Michael Mann is an Idiot (again)

A friend recently pointed me to an article at Inside Climate News : Many Scientists Now Say Global Warming Could Stop Relatively Quickly After Emissions Go to Zero –  with the understandable comment “The game-changing, optimistic assertion in the headline is not discussed until the last eight paragraphs of the article (???)!!! And little ink is spent explaining it. Dunno why.”

Well, let’s see.

The article does say that “The idea that global warming could stop relatively quickly after emissions go to zero was described as a ‘game-changing new scientific understanding’ by Covering Climate Now, a collaboration of news organizations covering climate.” And the article linked to does, in turn, refer to two interviews with Michael Mann – one on the CBS News show 60 Minutes and  a companion interview in The Guardian, the latter of which I guess can be taken as the root source of the claim.

According to the Guardian:

 Using new, more elaborate computer models equipped with an interactive carbon cycle, “what we now understand is that if you stop emitting carbon right now … the oceans start to take up carbon more rapidly,” Mann says. Such ocean storage of CO2 “mostly” offsets the warming effect of the CO2 that still remains in the atmosphere. Thus, the actual lag between halting CO2 emissions and halting temperature rise is not 25 to 30 years, he explains, but “more like three to five years”.

Well if Mann said that he’s a scientific idiot. The idea that the oceans will “start to take up carbon more rapidly” if we stop putting it in the air is manifestly ridiculous. The oceans don’t care where the carbon comes from, and the rate of ocean uptake at any time is a function only of the current concentration and other atmospheric conditions at that time – not of their rate of change. Also, there is no way that ocean storage of CO2 “offsets the warming effect of the CO2 that still remains in the atmosphere”. Absorption into the ocean may actually reduce atmospheric CO2, but if it does so fast enough then the effect won’t just be to stop global warming but to reverse it (though the effects of the consequent ocean acidification may in that case be even stronger than in the earlier predictions).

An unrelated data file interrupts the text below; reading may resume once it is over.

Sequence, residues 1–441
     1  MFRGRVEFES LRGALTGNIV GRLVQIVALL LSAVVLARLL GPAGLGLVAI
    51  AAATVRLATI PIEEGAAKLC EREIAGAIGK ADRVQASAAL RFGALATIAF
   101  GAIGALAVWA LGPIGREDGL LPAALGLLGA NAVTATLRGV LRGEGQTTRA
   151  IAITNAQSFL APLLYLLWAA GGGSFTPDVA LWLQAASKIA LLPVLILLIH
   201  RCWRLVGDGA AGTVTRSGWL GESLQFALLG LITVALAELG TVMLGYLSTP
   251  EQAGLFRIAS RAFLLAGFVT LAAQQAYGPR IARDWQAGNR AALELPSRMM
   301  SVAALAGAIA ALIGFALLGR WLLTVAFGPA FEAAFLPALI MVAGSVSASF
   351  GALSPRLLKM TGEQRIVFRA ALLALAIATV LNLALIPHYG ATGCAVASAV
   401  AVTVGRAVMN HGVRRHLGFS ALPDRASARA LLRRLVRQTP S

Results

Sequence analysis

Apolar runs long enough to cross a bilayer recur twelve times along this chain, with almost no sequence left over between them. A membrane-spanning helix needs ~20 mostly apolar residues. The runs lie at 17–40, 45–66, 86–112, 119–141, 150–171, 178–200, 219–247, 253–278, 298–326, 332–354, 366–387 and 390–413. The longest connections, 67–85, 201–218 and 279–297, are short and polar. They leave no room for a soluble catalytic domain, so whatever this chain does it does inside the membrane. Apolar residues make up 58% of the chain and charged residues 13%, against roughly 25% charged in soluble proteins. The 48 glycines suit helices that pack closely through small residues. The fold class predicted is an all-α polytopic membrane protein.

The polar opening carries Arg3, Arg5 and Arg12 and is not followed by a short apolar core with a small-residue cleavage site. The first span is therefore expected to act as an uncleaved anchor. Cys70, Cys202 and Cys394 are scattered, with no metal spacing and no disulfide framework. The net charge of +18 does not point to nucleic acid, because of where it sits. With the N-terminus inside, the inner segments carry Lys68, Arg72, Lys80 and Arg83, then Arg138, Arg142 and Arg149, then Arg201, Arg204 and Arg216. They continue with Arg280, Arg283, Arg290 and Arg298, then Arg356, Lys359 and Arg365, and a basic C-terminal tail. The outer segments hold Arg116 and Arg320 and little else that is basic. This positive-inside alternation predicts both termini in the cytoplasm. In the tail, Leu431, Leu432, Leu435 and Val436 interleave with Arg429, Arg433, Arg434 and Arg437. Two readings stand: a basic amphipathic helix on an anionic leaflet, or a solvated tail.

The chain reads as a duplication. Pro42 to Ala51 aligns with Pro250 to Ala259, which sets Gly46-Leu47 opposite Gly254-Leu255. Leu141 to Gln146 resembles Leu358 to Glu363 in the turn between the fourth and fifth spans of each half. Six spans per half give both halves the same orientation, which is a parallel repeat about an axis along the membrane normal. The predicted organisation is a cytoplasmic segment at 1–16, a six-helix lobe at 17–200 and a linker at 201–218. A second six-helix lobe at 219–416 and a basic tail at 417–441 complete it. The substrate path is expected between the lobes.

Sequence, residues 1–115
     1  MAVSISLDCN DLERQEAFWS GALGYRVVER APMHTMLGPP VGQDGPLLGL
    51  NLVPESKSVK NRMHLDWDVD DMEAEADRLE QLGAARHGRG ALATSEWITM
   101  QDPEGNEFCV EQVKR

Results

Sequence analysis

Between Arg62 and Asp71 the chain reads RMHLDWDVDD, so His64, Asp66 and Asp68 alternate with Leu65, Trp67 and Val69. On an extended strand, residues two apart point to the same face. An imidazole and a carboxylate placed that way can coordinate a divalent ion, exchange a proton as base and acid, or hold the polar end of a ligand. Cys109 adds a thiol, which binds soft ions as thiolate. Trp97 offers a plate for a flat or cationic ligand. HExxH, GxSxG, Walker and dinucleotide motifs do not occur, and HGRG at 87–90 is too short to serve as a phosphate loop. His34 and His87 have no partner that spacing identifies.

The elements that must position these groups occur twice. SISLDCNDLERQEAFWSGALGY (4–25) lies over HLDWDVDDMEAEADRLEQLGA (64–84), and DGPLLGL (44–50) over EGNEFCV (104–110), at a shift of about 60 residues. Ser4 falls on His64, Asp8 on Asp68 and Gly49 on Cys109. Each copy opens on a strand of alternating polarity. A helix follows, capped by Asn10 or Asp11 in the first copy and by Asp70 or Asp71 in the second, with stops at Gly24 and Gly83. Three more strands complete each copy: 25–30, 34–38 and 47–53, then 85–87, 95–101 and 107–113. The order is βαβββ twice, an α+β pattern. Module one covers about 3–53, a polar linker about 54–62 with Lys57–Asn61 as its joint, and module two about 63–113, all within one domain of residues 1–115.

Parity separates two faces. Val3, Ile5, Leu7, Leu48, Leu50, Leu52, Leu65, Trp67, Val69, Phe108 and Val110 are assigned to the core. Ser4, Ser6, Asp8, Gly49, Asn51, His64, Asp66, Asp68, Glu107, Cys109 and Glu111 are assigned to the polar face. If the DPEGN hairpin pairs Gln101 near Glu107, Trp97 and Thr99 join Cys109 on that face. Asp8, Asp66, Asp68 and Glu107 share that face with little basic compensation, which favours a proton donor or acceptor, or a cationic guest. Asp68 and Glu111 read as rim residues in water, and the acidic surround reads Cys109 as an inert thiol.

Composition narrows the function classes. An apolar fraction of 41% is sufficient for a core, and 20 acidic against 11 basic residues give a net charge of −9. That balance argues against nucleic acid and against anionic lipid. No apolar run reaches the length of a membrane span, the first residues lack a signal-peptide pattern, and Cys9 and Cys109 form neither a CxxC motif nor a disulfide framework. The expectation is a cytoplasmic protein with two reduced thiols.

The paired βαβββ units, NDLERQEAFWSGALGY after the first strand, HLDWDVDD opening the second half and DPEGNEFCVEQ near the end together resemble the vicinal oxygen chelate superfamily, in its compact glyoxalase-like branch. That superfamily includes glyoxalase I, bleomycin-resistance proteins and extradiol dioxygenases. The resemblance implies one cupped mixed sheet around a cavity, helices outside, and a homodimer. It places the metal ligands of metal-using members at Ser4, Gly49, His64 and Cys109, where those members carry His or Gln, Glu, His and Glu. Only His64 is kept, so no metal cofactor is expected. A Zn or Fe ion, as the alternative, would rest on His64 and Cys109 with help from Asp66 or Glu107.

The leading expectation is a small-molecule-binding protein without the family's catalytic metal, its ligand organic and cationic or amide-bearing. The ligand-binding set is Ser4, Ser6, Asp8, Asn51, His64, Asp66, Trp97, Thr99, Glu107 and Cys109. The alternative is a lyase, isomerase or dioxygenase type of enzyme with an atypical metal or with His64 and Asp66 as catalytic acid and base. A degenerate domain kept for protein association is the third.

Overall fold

And even if there is some correct science behind Mann’s garbled nonsense, he’s a political idiot for bringing it up in the context of this interview – for at least two reasons.

First, suggesting the possibility of a rapid reversal of global warming completely undermines his claim that another four year delay in shutting of the CO2 tap would be catastrophic.

And secondly, his idiotic claim on 60 Minutes that  “There’s about as much scientific consensus about human-caused climate change as there is about gravity” is undermined by his assertion that “research over the last decade has overturned” the previous consensus that even if all CO2 emissions were halted overnight, global temperatures would keep rising and heatwaves, droughts, storms and other impacts would keep intensifying “for about 25 to 30 years” (as Sir David King, the former chief science advisor to the British government, said in 2006). It is manifestly clear that large swathes of climate science are definitely NOT “settled” in anything like the same sense as that of gravity and to claim that they are is just to unnecessarily invite challenges to those parts where we do have some certainty – either about some of the actual facts themselves, or about our lack of certainty about how bad some other facts might be. (Whatever anyone may speculate, we certainly don’t know that there is anything that will mitigate the harmful effects of spewing GHGs. So we must stop. And, since we don’t really know how long we have, we must do so as soon as possible.)

I’ve always had doubts about Mann. From when his sloppy temperature studies had to be re-done by Richard Muller’s Berkely Earth Temperature Study and when foolish emails about data adjustment used language which virtually demanded charges of fakery and tampering. Unfortunately the most prominent advocates for anything are often not the most credible.

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